Valdosta Daily Times

Local News

April 13, 2013

Chief: No laws broken by demonstrators

Family of Kendrick Johnson hopes rallies spur action

VALDOSTA — Some parents have complained about the impromptu forensics lessons they’ve had to give their young ones while commuting downtown or shuttling their kids to the county’s high school, but Valdosta Police Chief Brian Childress said Friday that Kendrick Johnson’s family and supporters have broken no laws waving posters containing images of the Lowndes High School sophomore’s swollen post-mortem face to passersby each day this week.

The group politely obliged when the police chief asked if they’d move their demonstrations a few blocks to the north, offering downtown commerce a relief from supportive horn honks and providing less distractions for motorists flowing in and out of the city’s core.

“The image is graphic and hard to look at,” said Childress. “But as long as they’re not blocking the sidewalk or committing anything consistent with disorderly conduct, they’re not committing a crime.”

In January, Kendrick Johnson was found dead in the old gymnasium on the LHS campus. Lowndes County Sheriff’s Office proclaimed no foul play in the case on the same day as the teen’s body was discovered. Authorities believe Johnson was alone in the gym, reached for a loose shoe and fell into a rolled-up wrestling-type mat, became trapped, and died from being upside down for an extended period of time.

The family does not agree with this finding and

believes Kendrick was killed. Family and supporters

believe the photo of Kendrick’s face after death supports their claim. The official autopsy has not yet been completed.

The family hopes the rallies will deliver justice for the teen’s death. While the group has apparently been blameless by legal standards, many parents have expressed disdain for the shock and awe the group has employed to provoke another inquiry into a case that has been tentatively ruled an accident.

Joanna Phelps and her daughter saw the image of Kendrick’s lacerated and bloated face the other day. Phelps said she felt like the image has been doing more damage than good, especially considering that many LHS students have had to re-live the unresolved death of their classmate as they start school each day.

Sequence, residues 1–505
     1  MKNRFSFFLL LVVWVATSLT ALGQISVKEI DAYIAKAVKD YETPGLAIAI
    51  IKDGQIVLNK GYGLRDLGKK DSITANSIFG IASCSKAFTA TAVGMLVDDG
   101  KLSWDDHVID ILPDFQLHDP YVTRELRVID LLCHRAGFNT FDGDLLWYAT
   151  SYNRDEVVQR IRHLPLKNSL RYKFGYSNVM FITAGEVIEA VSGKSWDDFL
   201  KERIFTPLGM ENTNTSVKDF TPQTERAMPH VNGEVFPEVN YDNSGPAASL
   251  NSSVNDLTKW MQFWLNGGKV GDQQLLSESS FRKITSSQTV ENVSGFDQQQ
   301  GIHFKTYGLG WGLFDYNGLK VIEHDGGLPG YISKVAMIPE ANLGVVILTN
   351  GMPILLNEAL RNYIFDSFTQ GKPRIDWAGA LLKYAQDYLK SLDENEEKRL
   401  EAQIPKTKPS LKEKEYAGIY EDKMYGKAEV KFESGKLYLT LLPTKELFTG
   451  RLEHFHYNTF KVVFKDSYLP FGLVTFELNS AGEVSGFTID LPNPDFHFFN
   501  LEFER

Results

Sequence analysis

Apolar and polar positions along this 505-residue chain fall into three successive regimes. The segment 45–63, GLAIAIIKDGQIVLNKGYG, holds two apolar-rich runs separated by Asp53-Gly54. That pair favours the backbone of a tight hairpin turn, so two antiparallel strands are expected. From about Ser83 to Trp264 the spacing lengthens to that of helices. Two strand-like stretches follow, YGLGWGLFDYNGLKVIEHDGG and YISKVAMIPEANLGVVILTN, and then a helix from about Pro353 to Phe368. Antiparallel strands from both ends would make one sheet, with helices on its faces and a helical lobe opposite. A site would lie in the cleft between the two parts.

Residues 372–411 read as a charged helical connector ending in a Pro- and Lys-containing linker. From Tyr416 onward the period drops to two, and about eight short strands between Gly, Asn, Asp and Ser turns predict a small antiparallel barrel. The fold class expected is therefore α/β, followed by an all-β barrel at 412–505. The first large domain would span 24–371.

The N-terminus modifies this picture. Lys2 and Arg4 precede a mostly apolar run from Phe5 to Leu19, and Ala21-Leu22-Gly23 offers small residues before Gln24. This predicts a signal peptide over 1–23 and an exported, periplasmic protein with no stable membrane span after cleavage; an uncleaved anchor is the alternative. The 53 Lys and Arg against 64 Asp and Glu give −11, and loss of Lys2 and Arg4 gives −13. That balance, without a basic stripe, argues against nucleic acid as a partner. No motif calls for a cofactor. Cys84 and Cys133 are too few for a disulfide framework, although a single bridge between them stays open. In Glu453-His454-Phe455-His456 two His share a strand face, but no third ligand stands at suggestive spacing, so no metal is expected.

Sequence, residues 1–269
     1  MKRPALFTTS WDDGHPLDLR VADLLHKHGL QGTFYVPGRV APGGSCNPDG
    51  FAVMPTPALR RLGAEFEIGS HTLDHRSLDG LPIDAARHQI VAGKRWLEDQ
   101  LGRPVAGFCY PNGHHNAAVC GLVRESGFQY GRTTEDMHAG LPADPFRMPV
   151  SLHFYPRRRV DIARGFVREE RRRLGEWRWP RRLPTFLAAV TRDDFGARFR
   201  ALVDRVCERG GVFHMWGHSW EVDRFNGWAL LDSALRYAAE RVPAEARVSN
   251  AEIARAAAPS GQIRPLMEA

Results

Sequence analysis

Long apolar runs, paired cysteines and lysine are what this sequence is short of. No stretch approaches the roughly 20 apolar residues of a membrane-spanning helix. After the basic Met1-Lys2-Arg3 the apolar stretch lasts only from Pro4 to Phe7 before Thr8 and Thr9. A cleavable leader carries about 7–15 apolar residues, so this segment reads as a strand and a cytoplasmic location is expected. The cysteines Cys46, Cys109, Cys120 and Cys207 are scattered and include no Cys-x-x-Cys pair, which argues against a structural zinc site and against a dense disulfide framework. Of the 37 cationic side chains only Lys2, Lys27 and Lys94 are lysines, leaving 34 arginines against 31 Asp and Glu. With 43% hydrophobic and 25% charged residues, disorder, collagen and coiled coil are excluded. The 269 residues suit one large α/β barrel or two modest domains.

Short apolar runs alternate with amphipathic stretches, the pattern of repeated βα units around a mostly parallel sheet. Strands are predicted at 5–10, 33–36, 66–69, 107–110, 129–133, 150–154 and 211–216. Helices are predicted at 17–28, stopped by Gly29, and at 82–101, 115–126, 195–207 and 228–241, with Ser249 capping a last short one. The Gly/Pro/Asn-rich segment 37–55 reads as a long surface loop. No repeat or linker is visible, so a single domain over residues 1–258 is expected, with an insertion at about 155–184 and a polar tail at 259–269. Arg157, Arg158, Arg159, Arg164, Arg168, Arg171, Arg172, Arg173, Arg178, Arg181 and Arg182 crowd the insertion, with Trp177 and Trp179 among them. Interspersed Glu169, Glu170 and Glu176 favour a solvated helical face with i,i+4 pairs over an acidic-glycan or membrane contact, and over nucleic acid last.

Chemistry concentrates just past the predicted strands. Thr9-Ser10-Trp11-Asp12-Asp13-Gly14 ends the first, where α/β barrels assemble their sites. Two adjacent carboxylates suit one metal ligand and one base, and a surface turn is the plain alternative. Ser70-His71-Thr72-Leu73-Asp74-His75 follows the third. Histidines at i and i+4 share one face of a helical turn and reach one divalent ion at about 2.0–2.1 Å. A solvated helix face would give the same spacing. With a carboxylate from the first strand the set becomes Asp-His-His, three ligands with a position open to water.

“My daughter said to me, ‘mama, it’s horrible,’” Phelps said. “These are young children and some are not old enough to handle that. I feel for the family and their child, I really do, and I hope they find answers soon. But you have to draw the line somewhere. That’s a horrible image for a child to look at.”

As controversial as the image may be, Chief Childress said supporters have been well mannered and he’s found nothing to support accounts that described the group as being a bit testy at times. Childress said he has witnessed nothing wrong as he’s checked on the rallies several times, cloaked by the anonymity of unmarked government cars.

Childress also emphasized that the city police department has not been involved in this investigation. The case is within the Lowndes County Sheriff’s Office jurisdiction since it happened on the county school’s property. The Georgia Bureau of Investigation has also been involved in the case, but the county has never asked the VPD to participate in the investigation.

“We had two of our crime scene technicians help the county investigator with some measurements, but nothing more,” said Childress. “I’m not trying to pass the buck here. I’m simply stating the facts.”

Childress offered his department’s assistance to the sheriff’s office on the day Johnson’s body was discovered, but his help was declined, Childress said. Both the county and city may respond to incidents at Lowndes High School, but Childress said the sheriff’s office usually responds to the campus both out of tradition and their deputy presence there.

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